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12 INTERNATIONALIZATION OF THE NUCLEAR FUEL CYCLE international events focused on these topics, and surveyed the literature. In addition, the joint committees convened an international workshop with the assistance of the IAEA (more details on the workshop, including the list of participants and a summary of the discussion are in Appendix B). While the workshop was small, it was diverse. Yet despite the differences among the workshop participants’ home countries, some common messages emerged, including (a) their imperative to maintain sovereign rights to develop peaceful technology and the corresponding rejection of any idea that they would sign agreements never to enrich uranium or reprocess spent nuclear fuel (that is, forgo those technologies); (b) the desire to protect the functioning market for uranium, uranium enrichment, and fuel fabrication; and (c) the observation that take-back of spent nuclear fuel by the supplying country (or even another country) would be a larger incentive than assurance of nuclear fuel supply. WHY IS THERE INTEREST NOW IN NUCLEAR POWER? Several factors are driving the increased interest in nuclear power: growth in energy demand; increased costs and projected limited supplies of fossil fuels; safer, less costly,4 and more efficient nuclear power plants, and better management experience with existing plants; and concerns about global climate change. As is explained extensively later in this report, each nation has its own set of interests and needs for its energy sector. The United States, which has the largest nuclear energy enterprise in the world but has built no nuclear power plants ordered after the early 1970s, illustrates several of the changes that have led to the renewed interest. In the United States, some owners or prospective owners of nuclear power plants in the 1970s and 1980s incurred substantial financial losses. The causes were many and are still debated, but the principal reasons were a sharp drop in the growth of electricity demand following the oil embargoes in the mid-1970s, and mismanagement of construction of these capital-intensive facilities at a time when interest rates for financing were high. In the United States, once these power plants came online they often operated with relatively low capacity factors (they did not produce electricity for all the time that, in principle, they could have) and with the need to recover the large capital costs, nuclear plants were not cost competitive with other base-load power plants, such as coal, hydropower, or even natural gas. Reactor accidents in the United States and the Soviet Union (Three Mile Island in 1979 and Chernobyl in 1986, respectively) led many people to conclude that nuclear power is unacceptably unsafe. Some people have viewed nuclear power as environmentally unfriendly because of concerns about radioactive waste, particularly the persistent difficulties in approving a repository location in which to bury and hence dispose of the spent fuel from reactors. All of these factors, to varying degrees, resulted in much slower growth of nuclear power than was anticipated in the 1960s and early 1970s. Several of these factors began to change in the 1990s. Shorter times to construct a nuclear power plant and bring it online have been demonstrated in France, Japan, and the Republic of Korea. Capacity factors of nuclear power plants have risen, and many plants are operating near their theoretical maximum capacity factor (over 90 percent on average, compared with about 60 percent in some earlier years). Also, the 40-year operating licenses on many 4 New designs have much less cabling, fewer pumps, and a reduced number of safety systems, all related to passive rather than active shutdown systems. Coupled with modular construction, these changes should make the new plants less costly than if a current operating design were to be built today.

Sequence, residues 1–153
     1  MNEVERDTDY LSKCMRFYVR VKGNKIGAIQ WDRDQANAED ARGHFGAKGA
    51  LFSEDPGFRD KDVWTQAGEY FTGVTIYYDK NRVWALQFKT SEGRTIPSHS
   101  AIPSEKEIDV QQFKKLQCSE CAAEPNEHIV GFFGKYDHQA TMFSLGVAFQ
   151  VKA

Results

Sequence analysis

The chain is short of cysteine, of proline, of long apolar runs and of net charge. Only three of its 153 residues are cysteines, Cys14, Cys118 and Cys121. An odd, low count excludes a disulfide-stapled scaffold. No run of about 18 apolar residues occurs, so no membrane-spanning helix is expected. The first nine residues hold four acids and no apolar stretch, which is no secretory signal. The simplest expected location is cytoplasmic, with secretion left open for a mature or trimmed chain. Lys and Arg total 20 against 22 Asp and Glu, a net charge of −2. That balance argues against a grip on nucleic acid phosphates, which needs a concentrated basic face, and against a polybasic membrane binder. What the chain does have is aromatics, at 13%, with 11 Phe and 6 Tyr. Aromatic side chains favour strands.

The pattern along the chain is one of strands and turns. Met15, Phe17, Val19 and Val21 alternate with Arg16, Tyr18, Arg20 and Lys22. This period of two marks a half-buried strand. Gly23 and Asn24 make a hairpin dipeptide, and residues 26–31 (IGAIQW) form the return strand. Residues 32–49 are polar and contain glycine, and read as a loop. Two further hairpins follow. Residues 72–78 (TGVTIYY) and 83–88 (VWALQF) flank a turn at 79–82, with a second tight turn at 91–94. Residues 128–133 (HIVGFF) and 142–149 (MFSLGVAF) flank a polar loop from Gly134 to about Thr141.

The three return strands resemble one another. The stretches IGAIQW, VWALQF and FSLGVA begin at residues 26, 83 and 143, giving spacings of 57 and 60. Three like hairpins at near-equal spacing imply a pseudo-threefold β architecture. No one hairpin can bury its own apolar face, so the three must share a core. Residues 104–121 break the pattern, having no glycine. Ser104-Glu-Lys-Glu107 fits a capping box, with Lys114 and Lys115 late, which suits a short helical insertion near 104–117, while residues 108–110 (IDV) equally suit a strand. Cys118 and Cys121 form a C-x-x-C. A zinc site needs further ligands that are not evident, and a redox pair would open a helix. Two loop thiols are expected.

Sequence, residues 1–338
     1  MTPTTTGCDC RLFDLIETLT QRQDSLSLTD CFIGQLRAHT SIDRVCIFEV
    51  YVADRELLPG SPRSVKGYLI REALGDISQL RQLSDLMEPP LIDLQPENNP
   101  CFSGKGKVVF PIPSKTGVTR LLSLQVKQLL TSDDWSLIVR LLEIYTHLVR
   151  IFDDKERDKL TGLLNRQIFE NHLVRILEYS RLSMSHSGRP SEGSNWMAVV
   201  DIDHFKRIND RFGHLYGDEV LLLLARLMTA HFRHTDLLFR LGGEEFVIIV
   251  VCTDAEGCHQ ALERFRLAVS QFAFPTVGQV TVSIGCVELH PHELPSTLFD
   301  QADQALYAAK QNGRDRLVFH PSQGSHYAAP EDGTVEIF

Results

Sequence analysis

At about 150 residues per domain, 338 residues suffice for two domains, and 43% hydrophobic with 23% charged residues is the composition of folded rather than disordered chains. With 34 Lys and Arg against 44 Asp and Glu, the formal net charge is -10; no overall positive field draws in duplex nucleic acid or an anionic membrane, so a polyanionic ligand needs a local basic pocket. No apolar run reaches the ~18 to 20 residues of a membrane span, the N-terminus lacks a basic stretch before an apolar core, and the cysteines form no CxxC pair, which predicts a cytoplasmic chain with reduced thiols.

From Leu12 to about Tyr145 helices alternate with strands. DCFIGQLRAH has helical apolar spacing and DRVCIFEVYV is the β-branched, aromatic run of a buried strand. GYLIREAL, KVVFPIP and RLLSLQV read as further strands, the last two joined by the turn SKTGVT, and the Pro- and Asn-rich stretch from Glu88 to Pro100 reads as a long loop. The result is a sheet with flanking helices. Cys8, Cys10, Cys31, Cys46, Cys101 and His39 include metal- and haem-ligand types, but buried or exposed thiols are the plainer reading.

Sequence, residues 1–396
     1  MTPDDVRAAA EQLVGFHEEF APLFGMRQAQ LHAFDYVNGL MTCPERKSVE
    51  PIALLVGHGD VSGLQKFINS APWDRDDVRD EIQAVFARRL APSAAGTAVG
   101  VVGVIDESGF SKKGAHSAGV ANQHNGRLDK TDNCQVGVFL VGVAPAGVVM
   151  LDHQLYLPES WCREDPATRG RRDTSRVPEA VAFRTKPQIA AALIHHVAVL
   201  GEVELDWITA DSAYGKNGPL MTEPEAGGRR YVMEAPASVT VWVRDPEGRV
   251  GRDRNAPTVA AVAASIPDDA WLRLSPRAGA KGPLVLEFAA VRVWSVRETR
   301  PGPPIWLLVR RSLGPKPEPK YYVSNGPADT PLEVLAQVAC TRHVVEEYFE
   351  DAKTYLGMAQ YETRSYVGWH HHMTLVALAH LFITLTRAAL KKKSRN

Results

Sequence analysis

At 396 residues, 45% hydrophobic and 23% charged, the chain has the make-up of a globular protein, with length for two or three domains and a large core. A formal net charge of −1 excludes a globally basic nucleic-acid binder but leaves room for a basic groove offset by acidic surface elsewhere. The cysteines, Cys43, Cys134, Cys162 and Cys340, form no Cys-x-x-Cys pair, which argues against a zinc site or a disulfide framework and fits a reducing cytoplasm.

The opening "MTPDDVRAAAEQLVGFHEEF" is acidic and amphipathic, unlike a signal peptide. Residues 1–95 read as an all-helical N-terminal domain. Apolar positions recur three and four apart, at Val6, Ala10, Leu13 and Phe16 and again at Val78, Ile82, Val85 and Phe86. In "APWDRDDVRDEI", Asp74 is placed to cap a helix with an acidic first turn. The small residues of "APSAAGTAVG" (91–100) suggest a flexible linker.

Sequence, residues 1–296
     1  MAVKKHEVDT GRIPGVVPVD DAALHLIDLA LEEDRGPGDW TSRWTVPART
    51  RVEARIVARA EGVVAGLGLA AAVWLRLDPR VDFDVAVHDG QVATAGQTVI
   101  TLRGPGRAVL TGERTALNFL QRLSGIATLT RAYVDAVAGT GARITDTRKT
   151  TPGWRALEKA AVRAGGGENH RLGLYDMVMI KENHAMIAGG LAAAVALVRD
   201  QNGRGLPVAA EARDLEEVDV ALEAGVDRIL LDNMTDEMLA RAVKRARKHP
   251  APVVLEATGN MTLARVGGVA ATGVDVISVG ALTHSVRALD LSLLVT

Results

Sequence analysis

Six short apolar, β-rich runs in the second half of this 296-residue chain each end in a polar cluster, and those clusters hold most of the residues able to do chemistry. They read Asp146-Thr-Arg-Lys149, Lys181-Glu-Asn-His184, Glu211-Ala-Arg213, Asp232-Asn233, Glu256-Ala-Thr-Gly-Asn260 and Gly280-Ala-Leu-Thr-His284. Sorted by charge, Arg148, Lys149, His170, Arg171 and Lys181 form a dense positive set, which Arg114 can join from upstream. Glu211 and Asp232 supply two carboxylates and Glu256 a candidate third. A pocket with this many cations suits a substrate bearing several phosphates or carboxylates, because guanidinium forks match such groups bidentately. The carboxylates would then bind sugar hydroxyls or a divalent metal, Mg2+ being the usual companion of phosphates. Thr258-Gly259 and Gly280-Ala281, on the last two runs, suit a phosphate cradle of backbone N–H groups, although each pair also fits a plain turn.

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INTRODUCTION 13 existing nuclear power plants are being extended by 20 years. The ability to reap 20 more years of electricity generation from power plants, especially existing plants that have already defrayed their capital costs, makes them more attractive financially. Costs of natural gas, the main competitor in the United States for new plants, have risen. Recognition that the Three Mile Island accident was not the nuclear disaster some feared, and the ongoing good safety record of nuclear power over the last 20 years, have mitigated some of the worries about safety of nuclear power plants. Growing concern about emissions of greenhouse gases that contribute to global climate change has improved the environmental credentials of nuclear power plants, which over their life cycle can have very small greenhouse gas emissions to the atmosphere5 in contrast to the large amounts of carbon dioxide from coal plants, the largest source of U.S. electricity generation. Nuclear power is increasingly seen as an environmentally responsible alternative for meeting expanding demand for base-load power.6 That demand is increasing without showing signs of stopping. Experience in Russia, another large nuclear enterprise, is also instructive. Before its dissolution, the former Soviet Union prepared extensive plans for developing the nuclear power industry. Those plans included light-water-moderated reactors generating electrical power of 1,000 or 1,500 MW, as well as up to 20 units containing fast breeders of BN-600 type. However, the Chernobyl nuclear plant accident and the Soviet Union’s collapse followed by the financial crisis in the 1990s put an end to such plans. The Chernobyl accident and low prices for hydrocarbons (oil and gas) were unquestionably the main cause of a drastic change in the Russian public’s attitude toward nuclear power in the 1990s. Only three nuclear power plants (VVER-1000 type) were commissioned, and the construction of another plant (the BN-800 fast- breeder reactor) saw little progress between 1990 and 2005 because of insufficient funding. The picture for the future is completely different in Russia today. The Russian government and parliament have adopted a decision in the form of the Federal Special-purpose Program providing for (a) construction of about 20 VVER-1000-type nuclear power plants to replace the legacy nuclear plants, and (b) completion of construction of the BN-800 fast-breeder reactor as a transition to nuclear plants with a new generation of fast-breeder reactors to be used in a closed fuel cycle. Most people in Russia now do not object to further development of nuclear power (Nuclear Power Today, 2005). At present, 31 power-generating units with an aggregate capacity of 23.2 gigawatts- electric (GWe) are operating in Russia. Nuclear power stations produce approximately 17 percent of the total electrical energy yield. In 2006, the Russian government adopted a new targeted program, “Russian Nuclear Power Industry Sector Development in 2007-2010 and Until 2015,” which would receive 5 Estimates of greenhouse gas emissions from nuclear power vary dramatically, ranging from 3.5 to 100 g (carbon dioxide equivalent per kilowatt-hour-electric: CO2-eq./kWh electric). Enrichment of uranium for fuel is currently the biggest contributor to the emissions within the nuclear fuel cycle and varies depending on the technology employed (gaseous diffusion consumes 24 to 60 times as much energy as gas centrifuge enrichment) and the source of electricity used for enrichment (the country’s fuel mix). Fthenakis and Kim, 2007, found a range of 17 to 39 g CO2-eq./kWh for solar electric in the southwestern United States (the region of that country that is most amenable to solar power), and 16 to 55 g CO2-eq./kWh for nuclear energy in the United States. High-efficiency coal-fired power plants emit about 1.05 kg CO2-eq./kWh electric. 6 Hydropower, the other major base-load power source with low carbon emissions, is inherently limited by the availability of suitable sites and is increasingly viewed as destructive to river ecosystems and a potential safety hazard.